Norashman (left) with defence counsel Muhammad Farhan Muhammad Shafee having a chat during a mid-afternoon break in court proceedings. Photo by Sam Fong/The Edge
Najib having a light moment during the mid-afternoon reccess. Photo by Sam Fong/The Edge
Najib during a five-minute break earlier. Photo by Sam Fong/The Edge
Lead defence counsel Tan Sri Muhammad Shafee Abdullah during break time at today's trial.
Najib seen speaking to a confidant in court.
KUALA LUMPUR (April 29): As Datuk Seri Najib Razak's SRC International Sdn Bhd trial enters its 10th day today, the former premier and the public will know whether High Court judge Justice Mohd Nazlan Mohd Ghazali will strike out the seven charges against the ex-premier or order the trial to proceed.
This follows last Friday (April 26), when Justice Nazlan heard submissions from Najib's other co-counsel Datuk Yusof Zainal Abiden that the charges should be struck out as they were vague, a duplicity and hence an abuse of the court process.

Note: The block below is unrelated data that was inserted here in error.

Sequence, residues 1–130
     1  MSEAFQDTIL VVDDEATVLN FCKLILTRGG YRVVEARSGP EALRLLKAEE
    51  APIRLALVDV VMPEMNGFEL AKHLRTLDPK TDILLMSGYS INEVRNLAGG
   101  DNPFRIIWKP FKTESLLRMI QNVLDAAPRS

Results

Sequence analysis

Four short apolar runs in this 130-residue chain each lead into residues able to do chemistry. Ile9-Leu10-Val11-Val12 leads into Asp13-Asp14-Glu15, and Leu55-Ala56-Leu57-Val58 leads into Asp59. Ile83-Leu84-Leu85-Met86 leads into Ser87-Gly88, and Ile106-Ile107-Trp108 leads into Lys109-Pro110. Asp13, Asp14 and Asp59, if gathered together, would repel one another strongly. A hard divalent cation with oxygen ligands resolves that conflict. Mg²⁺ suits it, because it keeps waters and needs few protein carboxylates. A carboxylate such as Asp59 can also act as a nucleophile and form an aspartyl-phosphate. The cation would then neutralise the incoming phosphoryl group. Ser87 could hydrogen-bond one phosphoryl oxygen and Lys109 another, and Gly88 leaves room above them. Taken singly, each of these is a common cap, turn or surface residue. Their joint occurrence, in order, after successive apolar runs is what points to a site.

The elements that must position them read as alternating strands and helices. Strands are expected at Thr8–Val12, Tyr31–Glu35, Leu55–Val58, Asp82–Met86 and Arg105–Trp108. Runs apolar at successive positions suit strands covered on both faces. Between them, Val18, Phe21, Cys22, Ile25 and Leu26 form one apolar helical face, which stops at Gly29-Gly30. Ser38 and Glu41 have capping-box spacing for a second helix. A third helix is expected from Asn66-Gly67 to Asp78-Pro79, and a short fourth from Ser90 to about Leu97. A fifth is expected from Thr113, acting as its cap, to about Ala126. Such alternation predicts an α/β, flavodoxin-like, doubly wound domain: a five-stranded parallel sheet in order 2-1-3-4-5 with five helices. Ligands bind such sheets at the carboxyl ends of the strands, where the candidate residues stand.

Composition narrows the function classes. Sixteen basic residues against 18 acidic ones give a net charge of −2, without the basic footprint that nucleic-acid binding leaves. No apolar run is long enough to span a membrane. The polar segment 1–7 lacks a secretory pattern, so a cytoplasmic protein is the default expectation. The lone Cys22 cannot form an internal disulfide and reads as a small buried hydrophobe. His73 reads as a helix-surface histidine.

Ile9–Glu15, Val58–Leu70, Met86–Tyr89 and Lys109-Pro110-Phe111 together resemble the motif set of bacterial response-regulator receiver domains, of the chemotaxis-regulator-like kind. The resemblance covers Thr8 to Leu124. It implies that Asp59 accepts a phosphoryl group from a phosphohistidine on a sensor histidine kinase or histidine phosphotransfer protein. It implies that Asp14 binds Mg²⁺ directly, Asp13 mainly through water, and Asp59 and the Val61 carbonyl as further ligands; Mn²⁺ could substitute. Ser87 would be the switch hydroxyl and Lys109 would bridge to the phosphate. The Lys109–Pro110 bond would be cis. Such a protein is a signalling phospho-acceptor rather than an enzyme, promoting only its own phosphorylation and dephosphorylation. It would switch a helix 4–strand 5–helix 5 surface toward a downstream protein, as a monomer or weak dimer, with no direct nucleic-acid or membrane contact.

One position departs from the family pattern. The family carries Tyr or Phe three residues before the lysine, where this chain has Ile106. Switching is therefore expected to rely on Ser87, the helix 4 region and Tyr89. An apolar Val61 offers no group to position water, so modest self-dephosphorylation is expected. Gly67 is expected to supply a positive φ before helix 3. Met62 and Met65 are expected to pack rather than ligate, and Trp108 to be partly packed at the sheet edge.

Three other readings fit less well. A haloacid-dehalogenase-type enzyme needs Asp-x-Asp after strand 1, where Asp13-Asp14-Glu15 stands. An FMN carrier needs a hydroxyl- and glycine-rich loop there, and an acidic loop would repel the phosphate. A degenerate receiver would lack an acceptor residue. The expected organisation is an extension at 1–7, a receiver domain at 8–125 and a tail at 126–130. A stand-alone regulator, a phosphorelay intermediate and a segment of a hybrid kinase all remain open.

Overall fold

Yusof, the former Solicitor General II, along with another lawyer Datuk Kamarul Hisham Kamaruddin, argued that the charges amounted to a duplicity as the former premier should not be charged with criminal breach of trust (CBT) under the Penal Code and abuse of power under Section 23 of the Malaysian Anti-Corruption Commission (MACC) Act 2009 at the same time.
Government-appointed prosecutor Datuk V Sithambaram said the charges for money laundering, abuse of power and CBT are different ingredients of offences as the CBT is under the Penal Code, the other under the MACC Act for abuse of power and the Anti-Money Laundering And Anti-Terrorism Financing and Proceeds of Unlawful Activities.
Justice Nazlan will first deliver the decision today and should he decide everything is in order, may then direct the trial to proceed with AmBank Jalan Raja Chulan branch manager R Uma Devi, who is the prosecution's 21st witness, resuming her testimony.
Otherwise, the charges will be struck out of the court or the prosecution may move to amend the charges.
The Edge is bringing the proceedings involving the former chief of the executive branch of the government, or who was the highest ranked government official to be charged, live.